Sunny D: Does the D stand for depression?


I think most of us are familiar with Sunny D, the fake orange juice drink marketed to kids that has 100 percent of the recommended daily value of vitamin C but a boatload of sugar to match. Sugar and vitamins, what’s not to love? However, earlier this month the company’s account tweeted, “I can’t do this anymore.” Why aren’t you sunny, Sunny D?

The tweet went viral. Over the course of two weeks, the tweet garnered 152,349 retweets and 346,420 likes. It’s not hard to realize why, as the tweet expresses how many of us feel due to the stresses and burdens of life. Various other corporate accounts have replied to the tweet. Pop-Tarts replied, “Hey Sunny, can I please offer you a hug? We are gonna get through this together my friend” and Corn Nuts who tweeted, “Buddy, come hangout.” Even Insomnia Cookies asked, “Do you need a cookie to cheer up?”

While one could argue that these corporations showing goodwill and support to each other is somewhat heartwarming, it is important to realize that these tweets are handcrafted by the PR and social media teams of these companies. These companies don’t really have feelings. It is a sad reflection of our society when corporations can tweet out what would otherwise be seen as a cry for help and get hundreds of thousands of retweets; as such content is truly relatable and many users can connect to that feeling of hopelessness. The fact of the matter is that Sunny D used social media to tap into and relate to the struggle with mental illness in order to run a successful advertising campaign. Since the tweet, the account has gained around 22,000 more followers. This is an incredible success for Sunny D, as before the tweet they only had 14,000 followers; the company essentially doubled the number of people who will now see Sunny D tweets (essentially advertisements reminding them the company exists) with a single tweet.

While some could claim that such marketing stunts increase awareness of mental illness, I would say it actually further marginalizes those impacted. Again, corporations can’t really experience emotions, and I highly doubt the social media manager of Sunny D is going to sincerely express their genuine feelings over the company’s Twitter account. Such stunts diminish the importance and concern we as a society should have when someone expresses that they are in a moment of crisis.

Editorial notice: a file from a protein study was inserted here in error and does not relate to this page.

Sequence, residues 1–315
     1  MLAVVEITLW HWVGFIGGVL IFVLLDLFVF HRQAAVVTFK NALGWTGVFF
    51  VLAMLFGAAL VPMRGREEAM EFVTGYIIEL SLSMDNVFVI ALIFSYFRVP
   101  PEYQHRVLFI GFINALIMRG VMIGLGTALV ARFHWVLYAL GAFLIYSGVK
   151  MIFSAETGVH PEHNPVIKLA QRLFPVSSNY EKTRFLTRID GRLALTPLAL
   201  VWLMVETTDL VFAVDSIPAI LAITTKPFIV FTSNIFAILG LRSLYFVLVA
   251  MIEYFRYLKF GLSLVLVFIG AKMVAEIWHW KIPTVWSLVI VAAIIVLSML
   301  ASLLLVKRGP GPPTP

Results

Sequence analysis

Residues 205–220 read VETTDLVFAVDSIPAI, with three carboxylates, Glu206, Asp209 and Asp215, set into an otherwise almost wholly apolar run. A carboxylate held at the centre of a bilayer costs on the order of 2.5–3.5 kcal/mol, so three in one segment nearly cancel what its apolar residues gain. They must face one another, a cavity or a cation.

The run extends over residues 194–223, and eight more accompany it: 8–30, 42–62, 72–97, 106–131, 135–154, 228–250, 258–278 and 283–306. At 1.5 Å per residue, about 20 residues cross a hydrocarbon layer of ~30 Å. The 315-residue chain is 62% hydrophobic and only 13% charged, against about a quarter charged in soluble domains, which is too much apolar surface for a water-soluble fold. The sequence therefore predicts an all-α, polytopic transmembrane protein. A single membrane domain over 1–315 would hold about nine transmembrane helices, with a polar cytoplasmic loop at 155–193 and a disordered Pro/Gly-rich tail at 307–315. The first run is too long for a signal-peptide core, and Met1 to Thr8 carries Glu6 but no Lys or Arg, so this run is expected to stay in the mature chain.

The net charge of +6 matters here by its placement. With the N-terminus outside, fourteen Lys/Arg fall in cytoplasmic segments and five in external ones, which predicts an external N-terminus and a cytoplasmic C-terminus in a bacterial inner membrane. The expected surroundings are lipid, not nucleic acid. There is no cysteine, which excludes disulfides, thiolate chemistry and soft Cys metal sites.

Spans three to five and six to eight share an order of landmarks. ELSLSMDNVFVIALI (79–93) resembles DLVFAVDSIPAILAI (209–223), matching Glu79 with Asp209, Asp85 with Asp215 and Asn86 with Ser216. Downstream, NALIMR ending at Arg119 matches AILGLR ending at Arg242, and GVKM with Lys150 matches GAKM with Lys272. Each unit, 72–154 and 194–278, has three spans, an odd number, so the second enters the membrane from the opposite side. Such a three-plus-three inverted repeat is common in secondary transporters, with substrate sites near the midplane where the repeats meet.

Compare Sunny D’s tweet to Pete Davidson’s Instagram post late last year. Pete wrote that he “doesn’t want to be on this earth anymore” and “I’m doing my best to stay here for you but i actually don’t know how much longer i can last. all i’ve ever tried to do was help people. just remember i told you so.” His post received a large amount of attention as well, but I think it was notable in that he wasn’t attempting to double his followers or go viral, he was in a genuine moment of crisis and wished to express that to his fans. He deleted his Instagram shortly after. Other celebrities, many who are close friends with Davidson, reached out to keep their fans informed as well. Again, these tweets weren’t to gain goodwill and relatability, but to keep Davidson’s fans informed on his status and to let Davidson know that others cared.

As such, companies should attempt to connect to their followers on social media in ways that don’t delegitimize mental crises which many suffer through every day. Suicide is the second most common cause of death in the US for those between the ages of 10-24, it remains one of the most serious health crisis of our generation. In terms of increasing awareness, there are much better ways to address mental health than fabricating a crisis through a corporate Twitter account in order to gain more followers. Companies have plenty of other avenues to advertise and increase their social media presence, and making light of mental health to relate to users is likely one of the most soulless and dystopian ways to do so.

Cameron Cantelmo is a campus correspondent for The Daily Campus. He can be reached via email at

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